Chris Daniels will never forget the day he had to buy a car in Zambia.
It was 1993, and Daniels was high-school age. Though Daniels grew up in Vienna, Virginia, he spent part of that year working for his mother, who ran a World Bank-sponsored entrepreneurship-development project in the East African country. And on this day, Daniels–now the VP of business development at Facebook–was sent to buy a car in Lusaka, the capital.
In Zambia back then, the highest bank note you could get was for 500 Zambian kwacha–a sum worth around 70 cents at the time. And you could only buy a car in cash. “To buy a car in Zambia, you’d go to the bank in the morning, fill duffels full of cash, go across town to the car dealership, and purchase the car with the duffels of cash,” Daniels recalls. The process took a day, because all the money had to be counted. “I remember the monotony of putting every single bundle of 500 kwacha bills through the machine, hearing them flip through, then doing it over and over.” It was a day wasted–“for me, for the dealership, and for the bank,” says Daniels. He couldn’t help but think, If there were better banking here, and technology to support it, “people could be more productive and live better lives.”
Now, at Facebook, Daniels feels he’s doing just that–bringing the technology to help people live better lives around the world. A central pillar of Daniels’s job is to work together with cellular carriers around the world, to help the next few billions of people to come online. “1.19 billion monthly active users, that’s a lot of people,” says Daniels, citing Facebook’s current numbers. “But when you consider there are another 8 or 9 billion out there, there’s a lot of work left to do.”
Over the past few months, Facebook has announced new partnerships with two carriers, Globe in the Philippines and Tigo in Paraguay, partly the fruits of Daniels’s travels and negotiations. He’s been to the Philippines, Singapore, Indonesia, South Africa, and to Europe just in the past few months.
Depending on where a country is in its evolution towards connectivity, the needs of the market may be vastly different, he says. In the Philippines, for instance, 80% of the country still uses feature phones. Since many in the country live from paycheck to paycheck, they’ll buy chunks of data throughout the month rather than pay a monthly fee for broader access. Yet even as they earn more money, these consumers’ behaviors are often entrenched. A carrier like Globe, then, is asking itself questions like, “How do we get people to become habitual data users?” and “How do we get people to update to Android from their current phones?” says Daniels.
So Globe and Facebook struck up a partnership that the two deem mutually beneficial, as well as good for consumers. In many parts of the world, says Daniels, more people claim to want “Facebook” than “the Internet.” The latter is sometimes a fuzzy concept to them, but they are familiar with the Facebook brand and intuitively understand the idea of socializing online. Capitalizing on this brand recognition, some international carriers offer free use of Facebook over their networks, meaning a Filipino consumer can browse the social network freely without eating up data. When they click on a link to explore the Internet at large, Facebook delivers a message explaining that they’re free to do so–if they buy a data plan from the carrier.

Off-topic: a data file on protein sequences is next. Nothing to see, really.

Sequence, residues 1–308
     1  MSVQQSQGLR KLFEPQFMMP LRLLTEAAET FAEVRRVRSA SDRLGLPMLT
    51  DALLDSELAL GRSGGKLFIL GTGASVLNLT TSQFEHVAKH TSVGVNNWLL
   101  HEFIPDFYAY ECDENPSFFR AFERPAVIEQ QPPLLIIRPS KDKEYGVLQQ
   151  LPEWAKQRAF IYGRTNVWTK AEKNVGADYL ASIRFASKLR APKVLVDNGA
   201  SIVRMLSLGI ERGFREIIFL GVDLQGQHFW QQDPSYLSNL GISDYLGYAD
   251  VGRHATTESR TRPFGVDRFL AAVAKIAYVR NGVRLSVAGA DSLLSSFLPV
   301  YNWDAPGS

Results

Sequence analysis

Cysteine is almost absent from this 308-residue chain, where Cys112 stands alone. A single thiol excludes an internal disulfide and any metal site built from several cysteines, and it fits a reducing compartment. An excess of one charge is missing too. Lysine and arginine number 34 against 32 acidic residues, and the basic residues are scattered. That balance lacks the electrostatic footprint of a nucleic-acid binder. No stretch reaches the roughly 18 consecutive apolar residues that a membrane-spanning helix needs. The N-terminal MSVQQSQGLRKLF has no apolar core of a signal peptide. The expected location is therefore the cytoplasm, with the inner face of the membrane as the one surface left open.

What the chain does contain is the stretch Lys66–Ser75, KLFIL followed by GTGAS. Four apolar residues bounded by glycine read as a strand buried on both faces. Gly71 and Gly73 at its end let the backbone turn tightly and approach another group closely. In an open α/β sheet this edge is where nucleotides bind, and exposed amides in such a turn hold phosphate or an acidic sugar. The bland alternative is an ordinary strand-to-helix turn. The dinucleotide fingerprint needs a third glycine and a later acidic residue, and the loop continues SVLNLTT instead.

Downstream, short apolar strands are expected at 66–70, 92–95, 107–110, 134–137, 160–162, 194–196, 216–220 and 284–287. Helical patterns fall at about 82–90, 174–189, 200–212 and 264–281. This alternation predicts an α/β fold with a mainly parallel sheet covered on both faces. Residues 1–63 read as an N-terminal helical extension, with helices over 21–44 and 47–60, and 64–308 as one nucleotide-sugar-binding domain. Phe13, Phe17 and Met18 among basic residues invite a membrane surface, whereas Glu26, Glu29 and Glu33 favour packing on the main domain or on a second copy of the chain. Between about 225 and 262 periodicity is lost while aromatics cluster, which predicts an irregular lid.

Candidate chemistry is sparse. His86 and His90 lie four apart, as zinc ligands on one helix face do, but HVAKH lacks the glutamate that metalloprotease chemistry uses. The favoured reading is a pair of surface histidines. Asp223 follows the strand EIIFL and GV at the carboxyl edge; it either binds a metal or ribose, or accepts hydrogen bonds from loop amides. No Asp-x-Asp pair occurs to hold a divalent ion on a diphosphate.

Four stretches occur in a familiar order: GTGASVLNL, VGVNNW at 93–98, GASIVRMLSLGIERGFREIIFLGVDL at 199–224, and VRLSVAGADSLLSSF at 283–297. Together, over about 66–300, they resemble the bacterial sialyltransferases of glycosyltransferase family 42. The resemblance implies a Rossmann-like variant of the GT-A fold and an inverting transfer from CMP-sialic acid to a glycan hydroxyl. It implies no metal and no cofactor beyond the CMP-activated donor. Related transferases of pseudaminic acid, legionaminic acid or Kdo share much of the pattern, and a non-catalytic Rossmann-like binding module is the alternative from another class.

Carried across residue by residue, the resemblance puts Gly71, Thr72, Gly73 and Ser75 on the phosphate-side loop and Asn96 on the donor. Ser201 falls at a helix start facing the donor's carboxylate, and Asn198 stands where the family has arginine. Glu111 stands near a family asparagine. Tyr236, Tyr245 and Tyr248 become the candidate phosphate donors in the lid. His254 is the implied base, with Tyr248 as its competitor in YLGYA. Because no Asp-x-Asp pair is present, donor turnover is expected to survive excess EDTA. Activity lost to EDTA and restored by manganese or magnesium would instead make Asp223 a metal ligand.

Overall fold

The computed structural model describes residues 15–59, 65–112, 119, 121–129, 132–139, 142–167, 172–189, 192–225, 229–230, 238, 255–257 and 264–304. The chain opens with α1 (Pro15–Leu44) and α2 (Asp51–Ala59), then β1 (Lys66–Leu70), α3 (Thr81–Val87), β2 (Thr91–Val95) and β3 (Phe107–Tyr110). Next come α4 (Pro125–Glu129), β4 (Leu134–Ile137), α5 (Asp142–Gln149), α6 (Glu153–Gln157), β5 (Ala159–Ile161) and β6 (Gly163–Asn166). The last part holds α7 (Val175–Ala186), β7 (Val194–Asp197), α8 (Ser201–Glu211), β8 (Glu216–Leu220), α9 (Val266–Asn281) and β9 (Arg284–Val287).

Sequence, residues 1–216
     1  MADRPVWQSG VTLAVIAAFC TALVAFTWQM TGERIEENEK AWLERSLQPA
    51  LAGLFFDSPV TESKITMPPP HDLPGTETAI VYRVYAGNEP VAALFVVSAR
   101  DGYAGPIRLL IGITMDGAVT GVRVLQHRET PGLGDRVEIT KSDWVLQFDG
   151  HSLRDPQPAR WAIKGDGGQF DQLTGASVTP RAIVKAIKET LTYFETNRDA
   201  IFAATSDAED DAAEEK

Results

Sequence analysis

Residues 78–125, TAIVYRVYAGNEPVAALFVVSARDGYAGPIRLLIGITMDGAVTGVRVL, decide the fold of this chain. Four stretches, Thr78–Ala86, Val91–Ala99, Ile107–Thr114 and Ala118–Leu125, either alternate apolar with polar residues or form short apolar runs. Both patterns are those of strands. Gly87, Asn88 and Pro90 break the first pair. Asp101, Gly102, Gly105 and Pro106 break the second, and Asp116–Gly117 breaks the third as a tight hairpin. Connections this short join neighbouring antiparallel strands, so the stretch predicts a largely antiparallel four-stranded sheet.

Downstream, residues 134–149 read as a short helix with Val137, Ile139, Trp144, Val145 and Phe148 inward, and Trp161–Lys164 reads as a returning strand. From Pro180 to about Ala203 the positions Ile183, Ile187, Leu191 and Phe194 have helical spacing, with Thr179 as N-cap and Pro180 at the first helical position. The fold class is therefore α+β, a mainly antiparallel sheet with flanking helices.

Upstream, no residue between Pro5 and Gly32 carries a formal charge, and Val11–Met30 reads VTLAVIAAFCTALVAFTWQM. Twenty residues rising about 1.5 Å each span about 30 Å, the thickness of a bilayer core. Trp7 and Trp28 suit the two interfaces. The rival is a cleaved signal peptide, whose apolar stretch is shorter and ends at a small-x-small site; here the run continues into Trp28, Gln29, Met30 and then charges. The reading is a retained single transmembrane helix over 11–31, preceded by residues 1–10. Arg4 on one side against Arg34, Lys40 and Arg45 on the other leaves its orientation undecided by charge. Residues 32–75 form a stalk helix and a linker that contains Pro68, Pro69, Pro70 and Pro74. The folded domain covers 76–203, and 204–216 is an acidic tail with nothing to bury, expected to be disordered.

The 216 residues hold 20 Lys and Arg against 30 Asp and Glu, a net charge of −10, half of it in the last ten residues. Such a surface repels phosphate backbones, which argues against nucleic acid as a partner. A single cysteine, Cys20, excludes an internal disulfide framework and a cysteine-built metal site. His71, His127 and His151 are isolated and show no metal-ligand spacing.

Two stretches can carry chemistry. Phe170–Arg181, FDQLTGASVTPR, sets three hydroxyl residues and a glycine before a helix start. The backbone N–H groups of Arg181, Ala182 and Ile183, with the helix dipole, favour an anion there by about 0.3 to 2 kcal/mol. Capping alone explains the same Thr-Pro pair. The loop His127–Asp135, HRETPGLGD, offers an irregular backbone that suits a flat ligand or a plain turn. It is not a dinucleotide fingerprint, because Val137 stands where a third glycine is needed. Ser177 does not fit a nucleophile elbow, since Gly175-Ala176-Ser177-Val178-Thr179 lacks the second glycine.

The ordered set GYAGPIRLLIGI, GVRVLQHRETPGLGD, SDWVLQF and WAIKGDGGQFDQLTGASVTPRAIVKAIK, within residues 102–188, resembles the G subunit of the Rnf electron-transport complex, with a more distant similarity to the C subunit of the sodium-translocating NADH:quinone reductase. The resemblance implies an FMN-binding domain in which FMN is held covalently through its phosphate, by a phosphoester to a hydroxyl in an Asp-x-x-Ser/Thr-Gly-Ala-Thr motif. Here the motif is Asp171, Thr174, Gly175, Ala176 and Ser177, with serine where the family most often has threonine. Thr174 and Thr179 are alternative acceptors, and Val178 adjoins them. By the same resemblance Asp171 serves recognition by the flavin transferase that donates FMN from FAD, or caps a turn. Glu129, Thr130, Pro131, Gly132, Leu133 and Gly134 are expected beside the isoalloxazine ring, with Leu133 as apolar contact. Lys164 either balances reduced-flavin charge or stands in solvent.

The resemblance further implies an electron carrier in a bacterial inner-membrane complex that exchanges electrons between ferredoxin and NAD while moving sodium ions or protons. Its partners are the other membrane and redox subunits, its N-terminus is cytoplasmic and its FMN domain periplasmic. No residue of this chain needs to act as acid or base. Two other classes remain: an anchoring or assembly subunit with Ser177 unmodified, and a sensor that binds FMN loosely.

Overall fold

For people in the developing world, “Facebook is an on-ramp to the Internet,” says Daniels.
This component of Daniels’s job goes hand in hand with a relatively new initiative spun out of Facebook. Internet.org is a collaboration between Facebook and other corporate partners to help drive digital penetration for the next 5 billion people–making access to data more affordable and finding business models that allow connectivity to surge across the digital divide. “A lot of the work that myself and my team do is in the spirit of and contributes to Internet.org,” explains Daniels.
Zuckerberg and Daniels claim an altruistic motive behind Internet.org and Facebook’s international exploits, saying the company’s mission is to make the world more open and connected. There’s inevitably a business case, too, to make sure that Facebook is a beneficiary of that connectivity. Though Facebook’s global social-networking reign seems all but unstoppable, it’s worth remembering that new markets, where local tastes and first-mover advantages can be influential, are idiosyncratic. For instance, in Peru, Inca Kola remains a stronghold against Coca-Cola’s global conquest. Daniels points to Russia’s VK.com as a viable competitor to Facebook in some parts of the world.
But his global travels can’t help but reassure Daniels of Facebook’s prominence. In Indonesia, Daniels saw the Facebook logo posted on storefronts just about as often as he’d seen the Coke logo in Zambia 20 years ago. Many stores don’t have web presences apart from their Facebook page.
It all serves to remind him of how far emerging markets have come since the time he spent in Zambia. In a rural corner of the Philippines, he recently tested out how difficult it would be to buy a phone and data plan and to get Facebook up and running. He feared a laborious process, along the lines of his Zambian car purchase all those years ago.
He needn’t have feared. He was up and running in a matter of minutes. “Outside of Manila, in a relatively rural village, it’s actually really easy to buy a phone and get Facebook up and running,” he muses. “That’s awesome.”